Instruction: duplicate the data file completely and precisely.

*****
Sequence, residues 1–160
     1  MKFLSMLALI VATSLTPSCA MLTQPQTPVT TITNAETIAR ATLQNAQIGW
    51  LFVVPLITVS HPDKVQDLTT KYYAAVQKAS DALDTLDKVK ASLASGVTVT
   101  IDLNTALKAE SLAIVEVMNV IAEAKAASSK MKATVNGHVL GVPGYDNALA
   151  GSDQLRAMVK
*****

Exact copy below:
Sequence, residues 1–160
     1  MKFLSMLALI VATSLTPSCA MLTQPQTPVT TITNAETIAR ATLQNAQIGW
    51  LFVVPLITVS HPDKVQDLTT KYYAAVQKAS DALDTLDKVK ASLASGVTVT
   101  IDLNTALKAE SLAIVEVMNV IAEAKAASSK MKATVNGHVL GVPGYDNALA
   151  GSDQLRAMVK